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WWII veteran Lillie Morrison of Fresno was a trailblazer for women in the military
The Fresno Bee - 10/3/2017
Oct. 02--For years, Lillie Morrison was the only woman to stand up in her Fresno church every Veterans Day and Memorial Day when the pastor asked veterans to rise and be acknowledged, recalls one longtime friend. A trailblazer for women now serving in the U.S. military, Mrs. Morrison was among the first women in the nation to enlist when she joined the Navy during World War II at the age of 20.
Mrs. Morrison died July 4 in Fresno at the age of 92. Her daughter, Vicki Morrison, thinks it's fitting that her mother passed away on Independence Day.
"She wanted to do whatever it took to contribute in her own way," she said of her mother's service during WWII, "and she wasn't afraid of hard work."
Mrs. Morrison grew up as the eighth of 10 children on an Oklahoma farm during the Great Depression. Her father died when she was 13. She was working at a phone company after high school when a Navy recruiter came to town. She was eager to enlist and follow in the footsteps of her older sister, Ruby, who had enlisted in the Army and was on her way to serve in Italy.
"The country was in a patriotic mode" in 1944, said Vicki Morrison. "Everyone wanted to work together to keep the country strong."
Mrs. Morrison also "could not wait to see the world" and she got her first glimpse of it when she was sent to boot camp in New York, and then was stationed in San Francisco. She served there for two years as a switchboard operator, helping connect phone calls. It was during this time that she met her late husband, Robert, an Army Air Force pilot. The couple later moved to Fresno in 1951 and raised two children together (son Bruce died in 2010).
Mrs. Morrison made headlines last year during a Central Valley Honor Flight trip when she collapsed from hypoxia, a condition caused by a lack of oxygen, while flying to Washington, D.C., to see the war memorials there for the first time. Her plane had to make an emergency landing in Colorado Springs, where she was hospitalized and remained for about a week.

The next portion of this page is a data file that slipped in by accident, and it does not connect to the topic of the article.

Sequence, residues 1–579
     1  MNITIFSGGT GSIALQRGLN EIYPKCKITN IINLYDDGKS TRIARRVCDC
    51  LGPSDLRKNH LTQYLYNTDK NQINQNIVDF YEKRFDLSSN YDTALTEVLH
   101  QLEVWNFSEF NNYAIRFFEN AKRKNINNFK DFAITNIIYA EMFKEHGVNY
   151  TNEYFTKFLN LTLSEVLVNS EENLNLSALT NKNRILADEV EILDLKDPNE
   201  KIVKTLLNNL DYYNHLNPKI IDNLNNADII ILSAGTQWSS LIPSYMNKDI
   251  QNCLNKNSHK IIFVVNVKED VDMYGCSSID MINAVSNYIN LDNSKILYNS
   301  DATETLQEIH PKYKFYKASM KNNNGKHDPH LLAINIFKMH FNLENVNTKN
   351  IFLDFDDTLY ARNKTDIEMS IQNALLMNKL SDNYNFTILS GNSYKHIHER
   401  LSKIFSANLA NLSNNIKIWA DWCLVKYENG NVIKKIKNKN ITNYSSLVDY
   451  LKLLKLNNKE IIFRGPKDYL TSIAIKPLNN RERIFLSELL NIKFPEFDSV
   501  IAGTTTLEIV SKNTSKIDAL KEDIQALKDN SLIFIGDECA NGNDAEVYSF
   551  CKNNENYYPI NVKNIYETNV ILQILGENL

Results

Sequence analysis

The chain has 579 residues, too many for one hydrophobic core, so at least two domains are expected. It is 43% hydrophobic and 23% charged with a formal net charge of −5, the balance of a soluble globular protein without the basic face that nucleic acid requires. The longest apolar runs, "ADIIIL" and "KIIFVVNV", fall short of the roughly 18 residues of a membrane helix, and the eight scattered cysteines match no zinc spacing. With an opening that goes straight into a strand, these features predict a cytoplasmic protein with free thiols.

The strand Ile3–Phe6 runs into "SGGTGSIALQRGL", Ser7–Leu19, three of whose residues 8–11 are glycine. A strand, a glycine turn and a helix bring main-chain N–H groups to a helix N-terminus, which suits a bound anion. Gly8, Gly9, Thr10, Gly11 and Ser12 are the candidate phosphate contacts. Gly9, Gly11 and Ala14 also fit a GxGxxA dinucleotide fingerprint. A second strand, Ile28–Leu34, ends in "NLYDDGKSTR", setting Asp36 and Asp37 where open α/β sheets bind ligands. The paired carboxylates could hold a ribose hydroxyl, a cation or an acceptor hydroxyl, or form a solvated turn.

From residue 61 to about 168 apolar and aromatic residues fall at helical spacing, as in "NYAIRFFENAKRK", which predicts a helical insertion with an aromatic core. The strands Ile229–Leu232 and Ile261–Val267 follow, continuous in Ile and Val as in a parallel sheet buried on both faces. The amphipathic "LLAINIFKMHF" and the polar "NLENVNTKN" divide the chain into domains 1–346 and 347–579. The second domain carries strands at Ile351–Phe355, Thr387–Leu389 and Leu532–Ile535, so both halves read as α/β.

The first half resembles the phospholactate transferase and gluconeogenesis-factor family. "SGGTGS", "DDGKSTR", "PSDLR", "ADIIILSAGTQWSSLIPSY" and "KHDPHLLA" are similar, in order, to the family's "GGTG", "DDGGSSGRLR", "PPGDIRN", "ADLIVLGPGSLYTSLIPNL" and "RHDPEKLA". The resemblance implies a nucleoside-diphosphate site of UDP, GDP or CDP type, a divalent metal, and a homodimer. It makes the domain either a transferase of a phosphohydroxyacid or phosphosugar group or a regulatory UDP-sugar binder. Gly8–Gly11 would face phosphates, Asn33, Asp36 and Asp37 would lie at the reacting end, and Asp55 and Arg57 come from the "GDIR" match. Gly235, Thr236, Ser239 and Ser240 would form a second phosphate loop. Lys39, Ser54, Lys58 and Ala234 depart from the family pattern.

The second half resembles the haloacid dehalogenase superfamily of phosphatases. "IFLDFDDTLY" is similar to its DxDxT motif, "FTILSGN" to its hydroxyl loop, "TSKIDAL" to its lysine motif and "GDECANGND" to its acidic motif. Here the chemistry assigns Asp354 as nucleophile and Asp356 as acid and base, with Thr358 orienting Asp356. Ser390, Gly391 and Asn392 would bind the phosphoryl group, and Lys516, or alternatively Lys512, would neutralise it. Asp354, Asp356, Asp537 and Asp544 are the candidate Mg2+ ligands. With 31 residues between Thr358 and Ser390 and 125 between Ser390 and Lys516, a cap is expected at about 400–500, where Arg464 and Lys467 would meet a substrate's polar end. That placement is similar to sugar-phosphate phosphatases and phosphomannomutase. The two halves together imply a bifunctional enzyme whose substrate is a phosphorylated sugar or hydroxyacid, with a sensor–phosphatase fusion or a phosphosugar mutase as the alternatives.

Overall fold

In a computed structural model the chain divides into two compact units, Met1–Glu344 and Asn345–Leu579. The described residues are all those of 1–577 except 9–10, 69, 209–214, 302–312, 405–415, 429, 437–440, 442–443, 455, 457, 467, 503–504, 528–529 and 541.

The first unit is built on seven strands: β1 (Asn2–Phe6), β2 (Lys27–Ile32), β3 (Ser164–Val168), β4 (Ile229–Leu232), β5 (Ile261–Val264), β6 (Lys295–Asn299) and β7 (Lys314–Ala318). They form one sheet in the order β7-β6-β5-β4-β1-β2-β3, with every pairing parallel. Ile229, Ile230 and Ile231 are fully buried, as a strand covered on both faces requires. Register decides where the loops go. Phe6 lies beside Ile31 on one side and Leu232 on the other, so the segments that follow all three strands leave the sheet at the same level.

As she recovered, the community there gave her a warm welcome that included a visit from a senior enlisted leader of the North American Aerospace Defense Command (NORAD). Vicki Morrison, who accompanied her mother on the trip, recalls her astonishment at the visit. Mrs. Morrison said she "was only a switchboard operator," to which she received this reply: "Ma'am, you just don't know who you might have connected."
In Fresno, Mrs. Morrison worked as a Bank of America teller for 17 years before deciding to follow a longtime dream of opening a Merle Norman cosmetics store in the 1970s at the age of 55 when she was a grandmother and her husband was retiring. She would own and operate three in Fresno and Clovis over 20 years, employing more than 35 women until her retirement. One of her employees, Sharon Jackson, says Mrs. Morrison was always professional and loved helping women feel beautiful and empowered.
"She didn't demand respect, she automatically got it with the ease and the confidence in which she moved through everything," Jackson says. "I don't think I ever saw her rattled. We could be busier than heck ... you would never know we were in the middle of chaos. She moved right through it."
Mrs. Morrison's daughter remembers her as easygoing, positive and forgiving. Two of her favorite phrases: "People are people!" and "I'm just along for the ride."
"My mom, the glass was always half full," Vicki Morrison says. "She had the best attitude toward life. She was so grateful for everything. She had a wonderful laugh and she laughed easily. ... She made everyone feel welcome. She had a very loving way about her."
Carmen George: 559-441-6386, @CarmenGeorge
(c)2017 The Fresno Bee (Fresno, Calif.)
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